Skip to main content
It looks like you're using Internet Explorer 11 or older. This website works best with modern browsers such as the latest versions of Chrome, Firefox, Safari, and Edge. If you continue with this browser, you may see unexpected results.
Complete Teeth by Science Olympiad Student Center
The teeth chew and break down the food mechanically.
* An child has 20 deciduous teeth while an adult has 32 permanent teeth.
* They erupt at different age and mature around when they reach age 13.
* There are four types of teeth: Incisors, canines, premolars, and molars.
Cross Section of Tooth by Science Olympiad Student Center
Teeth consist of the crown, the neck, and the root.
* The crown is the upper surface of the tooth. Bumps on the crown are called cusps.
* The neck is the region under the crown, but above the alveolar bone.
* The root is the region inside the alveolar bone.
Dental Hygiene Videos
Dental Hygienist (RDH) (02:54)
Duties of an RDH include removing plaque and calculus from teeth, and polishing and flossing teeth. An RDH helps the dentist diagnose gum disease and cavities by taking and developing x-rays. An RDH must graduate from dental hygiene school and be licensed by the state.
Dental Hygienist: Career Advantages
The work schedule of a dental hygienist is fixed for the most part. Work satisfaction is immediate. Other settings may allow for flexible hours or part- or full-time work.
Dental Hygienist: Duties and Work Settings
Dental hygienists (DH), under the supervision of a doctor, help keep people's teeth and gums healthy by performing dental and therapeutic treatment. Most DHs work in private dental offices, but some work in research or as product reps, and more.
Structure and Function of Teeth
Teeth are multilayered with enamel, dentin, and dental pulp, which forms the core of a tooth and is filled with capillaries and nerve endings. Teeth are connected to the jaw by periodontal membranes.
Importance of Mouth, Jaws, and Teeth
An infant human uses its mouth solely for eating and communicating. At birth human lips and tongues are highly developed. Temporary teeth are lost as permanent teeth move in to replace them
Teeth naturally decay, even when eating a healthy diet and brushing regularly. Drinking cold water causes pain and may alert someone of decay they are unaware of.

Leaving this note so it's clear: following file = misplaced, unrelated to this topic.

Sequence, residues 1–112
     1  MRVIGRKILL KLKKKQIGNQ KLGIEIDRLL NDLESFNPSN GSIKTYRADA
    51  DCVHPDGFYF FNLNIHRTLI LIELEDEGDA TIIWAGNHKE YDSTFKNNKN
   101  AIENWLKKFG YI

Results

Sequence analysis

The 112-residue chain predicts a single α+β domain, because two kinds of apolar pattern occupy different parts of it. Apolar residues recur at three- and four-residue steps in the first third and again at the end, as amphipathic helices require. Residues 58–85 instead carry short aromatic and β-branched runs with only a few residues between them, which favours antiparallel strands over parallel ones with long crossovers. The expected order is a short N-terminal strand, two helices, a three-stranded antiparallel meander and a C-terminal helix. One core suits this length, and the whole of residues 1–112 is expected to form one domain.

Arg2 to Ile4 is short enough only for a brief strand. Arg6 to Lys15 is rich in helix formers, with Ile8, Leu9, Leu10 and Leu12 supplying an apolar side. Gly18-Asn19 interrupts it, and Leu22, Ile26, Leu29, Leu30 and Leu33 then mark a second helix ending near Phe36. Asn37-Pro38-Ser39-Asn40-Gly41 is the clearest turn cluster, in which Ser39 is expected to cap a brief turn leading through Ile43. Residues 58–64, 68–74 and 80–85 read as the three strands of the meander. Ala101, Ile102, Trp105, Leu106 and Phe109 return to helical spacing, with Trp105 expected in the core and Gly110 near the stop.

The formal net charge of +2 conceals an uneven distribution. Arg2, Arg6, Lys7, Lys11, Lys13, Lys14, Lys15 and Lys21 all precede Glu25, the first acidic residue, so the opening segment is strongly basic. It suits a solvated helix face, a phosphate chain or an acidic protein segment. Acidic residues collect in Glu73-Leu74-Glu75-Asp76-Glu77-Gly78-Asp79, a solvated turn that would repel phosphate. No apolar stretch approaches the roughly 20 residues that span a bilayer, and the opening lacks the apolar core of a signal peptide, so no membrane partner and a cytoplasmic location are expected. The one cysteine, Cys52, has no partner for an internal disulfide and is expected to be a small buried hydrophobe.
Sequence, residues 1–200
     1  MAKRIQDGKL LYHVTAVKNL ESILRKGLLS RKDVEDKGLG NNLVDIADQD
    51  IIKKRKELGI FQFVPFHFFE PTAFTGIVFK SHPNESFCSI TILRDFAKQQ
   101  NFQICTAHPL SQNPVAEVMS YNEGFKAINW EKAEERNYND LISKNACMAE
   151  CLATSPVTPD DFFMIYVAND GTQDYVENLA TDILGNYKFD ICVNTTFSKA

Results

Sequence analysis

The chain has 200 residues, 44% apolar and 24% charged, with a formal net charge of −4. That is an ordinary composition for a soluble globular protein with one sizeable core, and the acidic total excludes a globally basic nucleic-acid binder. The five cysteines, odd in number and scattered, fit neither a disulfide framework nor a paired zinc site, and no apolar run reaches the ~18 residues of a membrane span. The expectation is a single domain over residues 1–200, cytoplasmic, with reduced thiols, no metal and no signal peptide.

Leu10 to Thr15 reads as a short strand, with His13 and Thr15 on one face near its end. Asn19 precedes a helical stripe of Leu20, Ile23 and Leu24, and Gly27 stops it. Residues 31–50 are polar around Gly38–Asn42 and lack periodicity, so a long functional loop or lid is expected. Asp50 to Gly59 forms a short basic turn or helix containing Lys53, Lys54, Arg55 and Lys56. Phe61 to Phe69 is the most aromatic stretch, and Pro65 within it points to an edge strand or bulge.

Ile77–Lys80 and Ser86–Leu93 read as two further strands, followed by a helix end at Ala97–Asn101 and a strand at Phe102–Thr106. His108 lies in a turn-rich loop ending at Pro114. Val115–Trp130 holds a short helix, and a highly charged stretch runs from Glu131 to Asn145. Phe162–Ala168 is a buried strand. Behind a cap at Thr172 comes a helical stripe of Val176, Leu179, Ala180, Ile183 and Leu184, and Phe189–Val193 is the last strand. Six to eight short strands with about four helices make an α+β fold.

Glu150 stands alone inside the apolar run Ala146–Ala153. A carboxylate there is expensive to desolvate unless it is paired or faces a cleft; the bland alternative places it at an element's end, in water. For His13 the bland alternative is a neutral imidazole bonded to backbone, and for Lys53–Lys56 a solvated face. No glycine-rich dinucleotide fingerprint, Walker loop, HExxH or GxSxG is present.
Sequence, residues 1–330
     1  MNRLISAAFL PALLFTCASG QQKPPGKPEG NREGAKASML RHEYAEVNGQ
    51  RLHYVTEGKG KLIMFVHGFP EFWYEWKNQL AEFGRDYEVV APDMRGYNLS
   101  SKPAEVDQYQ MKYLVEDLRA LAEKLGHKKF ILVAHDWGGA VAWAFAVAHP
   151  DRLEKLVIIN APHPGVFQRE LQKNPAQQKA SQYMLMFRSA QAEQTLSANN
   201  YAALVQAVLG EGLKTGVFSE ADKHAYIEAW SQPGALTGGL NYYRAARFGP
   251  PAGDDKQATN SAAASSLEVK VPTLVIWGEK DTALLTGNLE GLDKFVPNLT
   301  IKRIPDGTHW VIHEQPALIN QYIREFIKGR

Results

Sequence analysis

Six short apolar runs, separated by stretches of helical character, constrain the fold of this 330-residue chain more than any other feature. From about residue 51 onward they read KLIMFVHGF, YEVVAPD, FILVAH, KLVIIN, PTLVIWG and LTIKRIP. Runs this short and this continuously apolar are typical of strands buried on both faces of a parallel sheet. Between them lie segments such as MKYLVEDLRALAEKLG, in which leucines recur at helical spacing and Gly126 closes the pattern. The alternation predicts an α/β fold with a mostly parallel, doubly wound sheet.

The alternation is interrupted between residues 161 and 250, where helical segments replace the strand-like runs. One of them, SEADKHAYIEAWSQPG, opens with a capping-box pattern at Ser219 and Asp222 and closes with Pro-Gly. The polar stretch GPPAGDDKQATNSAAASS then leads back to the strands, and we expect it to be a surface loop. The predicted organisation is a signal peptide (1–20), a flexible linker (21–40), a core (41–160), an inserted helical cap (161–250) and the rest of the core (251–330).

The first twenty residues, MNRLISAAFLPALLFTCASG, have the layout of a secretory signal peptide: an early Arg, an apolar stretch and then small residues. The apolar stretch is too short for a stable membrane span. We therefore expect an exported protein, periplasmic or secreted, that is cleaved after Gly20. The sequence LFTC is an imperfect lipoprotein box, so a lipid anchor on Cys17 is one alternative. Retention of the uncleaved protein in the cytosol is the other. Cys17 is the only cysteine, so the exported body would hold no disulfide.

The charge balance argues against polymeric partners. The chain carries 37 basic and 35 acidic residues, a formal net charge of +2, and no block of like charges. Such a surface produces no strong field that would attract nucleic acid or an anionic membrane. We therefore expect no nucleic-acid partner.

Dental Care for Kids
Nothing can warm a parent’s heart like a child’s smile. But that beautiful smile needs help. Dental Care for Kids is an adult’s guide to children’s teeth: how they develop, the care they need, and the diseases that can spoil a child’s mouth. It gives useful information about proper dental care from the prenatal period through the development of primary teeth until permanent teeth come in. This program covers proper eating habits, brushing and flossing techniques, and when to visit your dentist. Parents, caregivers, educators, and anyone involved in child care is sure to benefit from this excellent program that helps children develop healthy teeth to last a lifetime.
Oral Assessment and Dental Diseases in the Elderly
Proper dental evaluations and hygiene are vital aspects of caring for an elderly client. Neglecting signs of oral health puts patients at risk for heart disease as well as more common problems like halitosis (bad breath), which can be embarrassing and could cause social and psychological problems. This program discusses specific conditions and diseases of the mouth, provides nursing and health care assistants with the procedures necessary for completing an oral exam, and presents ways to take action against oral problems. Viewers will learn how to recognize and manage a wide range of dental issues, including sores, dry mouth, problematic dentures, and oral cancer.
Symptoms of Gum Disease
Symptoms of periodontitis, or gum disease, include bleeding gums, bad breath, painful chewing, loose teeth, and the presence of pus. The early stages of the disease may not produce symptoms.
Modern Toothpastes and Gels
Toothpaste dates back to the Egyptians. The first modern tooth cleaning products were powders. Toothpastes arrived during the Victorian era. The first collapsible tube came in 1892. By mid 20th century Colgate was at the top of the industry.